Here my workflow for the first picture. I would work with tikz and personally prefer using \usetikzlibrary{calc} for this kind of approach. Define the positions for your nodes, draw some circles and, at the and, the arrows. \documentclass[border=5pt]{standalone} \usepackage{tikz} \usetikzlibrary{calc} \begin{document} \tikzset{% every ...

2

A basic loglogaxis like in your picture done with \pgfplots (as suggested by @Zarko): \documentclass[border=1cm]{standalone} \usepackage{pgfplots} \pgfplotsset{log ticks with fixed point,} \begin{document} \begin{tikzpicture} \begin{loglogaxis}[ xlabel=A,ylabel=K, log basis x=10, log basis y = 10, ...

2

Another approach, slightly more compact could be the following: \documentclass[border=2mm]{standalone} \usepackage{ifthen} \usepackage{tikz} \begin{document} \begin{tikzpicture}[line cap=round,line join=round] \foreach\r in {1,2,4} \foreach[count=\i]\a in {0,60,...,300} {% coordinates \coordinate (\i-\r) at (\a:\r); } \foreach\r in {1,2,4} \foreach\i in {...

2

As for a starting point: \documentclass[tikz,border=3.14mm]{standalone} \usetikzlibrary{intersections} \tikzset{dot/.style={circle,inner sep=1.5pt,fill=red}} \begin{document} \begin{tikzpicture} \draw[name path=line1] (0,0) node[left] {line 1} .. controls ++(1,.5) and ++(-0.5,-2).. (3,0); \draw[name path=line2] (0,-1) node[left] {line ...

2

This is a brute force solution. It should be possible to fully automatize this, i.e. let forest do everything, but I really do not know what the rules for the Stern-Brocot diagram are. \documentclass{article} \usepackage{forest} \begin{document} \begin{forest} for tree={alias/.wrap pgfmath arg={a-#1}{id}, %label/.wrap pgfmath arg={[gray,font=\tiny,inner ...

1

Something like this? \documentclass[border=2mm]{standalone} \usepackage{tikz} \begin{document} \begin{tikzpicture}[scale=0.5,y={(0cm,-1cm)}] \foreach \y in {0,1,2} {% lines \draw[red] (0,\y) -- (11,\y); \pgfmathtruncatemacro\xmin{\y*\y-5*\y+7} \pgfmathtruncatemacro\xmax{-\y*\y-\y+10} \foreach \x in {\xmin,...,\xmax} {% dots \node(circ-\x-\y) [...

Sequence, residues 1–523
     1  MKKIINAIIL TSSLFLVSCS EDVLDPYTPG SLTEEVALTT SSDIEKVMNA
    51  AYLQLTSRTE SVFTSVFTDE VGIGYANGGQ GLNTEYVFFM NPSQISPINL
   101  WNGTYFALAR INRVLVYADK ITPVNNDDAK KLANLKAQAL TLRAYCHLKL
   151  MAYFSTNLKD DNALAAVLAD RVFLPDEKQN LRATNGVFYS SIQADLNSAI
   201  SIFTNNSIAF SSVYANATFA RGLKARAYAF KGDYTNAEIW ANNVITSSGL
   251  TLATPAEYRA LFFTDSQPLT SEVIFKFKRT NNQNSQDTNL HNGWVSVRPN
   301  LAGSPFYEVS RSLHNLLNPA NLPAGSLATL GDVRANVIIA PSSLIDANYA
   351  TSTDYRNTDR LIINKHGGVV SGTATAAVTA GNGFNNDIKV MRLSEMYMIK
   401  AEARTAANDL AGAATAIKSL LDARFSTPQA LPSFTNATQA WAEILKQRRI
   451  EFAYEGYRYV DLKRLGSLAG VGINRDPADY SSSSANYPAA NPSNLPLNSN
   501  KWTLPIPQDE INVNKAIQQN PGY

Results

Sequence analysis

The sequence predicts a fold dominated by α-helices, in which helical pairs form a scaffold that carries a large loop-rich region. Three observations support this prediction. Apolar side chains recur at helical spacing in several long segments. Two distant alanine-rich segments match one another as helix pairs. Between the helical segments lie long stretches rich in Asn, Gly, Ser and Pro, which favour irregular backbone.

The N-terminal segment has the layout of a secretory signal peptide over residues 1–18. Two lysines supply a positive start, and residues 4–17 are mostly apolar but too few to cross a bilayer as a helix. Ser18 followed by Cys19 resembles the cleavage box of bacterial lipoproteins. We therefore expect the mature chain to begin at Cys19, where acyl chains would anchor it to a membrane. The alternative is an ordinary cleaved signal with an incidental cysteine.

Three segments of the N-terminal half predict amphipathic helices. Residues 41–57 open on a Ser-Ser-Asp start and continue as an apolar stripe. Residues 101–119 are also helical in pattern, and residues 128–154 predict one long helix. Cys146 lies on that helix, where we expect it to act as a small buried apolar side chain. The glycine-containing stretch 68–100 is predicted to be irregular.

1

The key was adding these two lines: \path[draw=blue] (n14) circle[radius=0.1]; \path[draw=blue] (n41) circle[radius=0.1]; The MWE: \documentclass{article} \usepackage{tikz} \begin{document} \begin{tikzpicture}[ dot/.style = {circle, fill, minimum size=3pt, inner sep=0pt, outer sep=0pt} ] \foreach \i in {1,2,3,4} { ...

1

I simply used your code and changed the radius. with contours \documentclass[border=5pt]{standalone} \usepackage{tikz} \usepackage{contour} \contournumber{32} \begin{document} \begin{tikzpicture}[ dot/.style={circle,fill, inner sep=1pt, outer sep=0pt}, every label/.style={inner sep=0pt,font=\tiny,} ] \def\Ra{...

1

I would give each node a name using \node(name)[...] {label} and draw the lines and add the labels. \documentclass[border=5pt]{standalone} \usepackage{tikz} \usetikzlibrary{calc} \begin{document} \begin{tikzpicture} \foreach \x in {1,...,4}{ \foreach \y in {0,...,2}{ \node(circ-\x-\y)[draw,circle,inner sep=1pt,fill]...

1

If you want a regular triangular grid with dots, you may try this (based on a solution by AndréC). \documentclass[tikz,border=3.14mm]{standalone} \begin{document} \tikzset{d/.style={minimum width=2pt,inner sep=0pt,circle,fill=black}} \begin{tikzpicture} \def\nx{5} \def\ny{3} \pgfmathsetmacro\nyy{(2+2*\ny)*sin(60)} ...

1

Like mentioned in the comments, I suggest the workflow from this answer, since it is close to what you want to achieve. \documentclass[border=5pt]{standalone} \usepackage{tikz} \usetikzlibrary{fit, backgrounds, shapes, calc} \definecolor{mypink}{RGB}{222,136,165} \definecolor{myred}{RGB}{194,100,118} \definecolor{myblue}{RGB}{177,235,255} \definecolor{...

1

\documentclass[tikz, border=20]{standalone} \usepackage{pgfplots} \pgfplotsset{compat=1.17} \begin{document} \begin{tikzpicture} \begin{axis}[ xlabel=$$x$$, ylabel=$$y$$, xmin=-7, xmax=7, ymin=-30, ymax=30, grid=major, grid style={solid}, ...

1

You asked this some days ago and deleted you question before I could post my answer. Anyway this his how I would have done it: \documentclass[border=2cm,margin=4cm,varwidth]{standalone} \usepackage{tikz} \usetikzlibrary{arrows,backgrounds,snakes} \usepackage{pgfplots} \begin{document} \begin{tikzpicture} \begin{axis}[ domain=-2*pi:2*pi, ...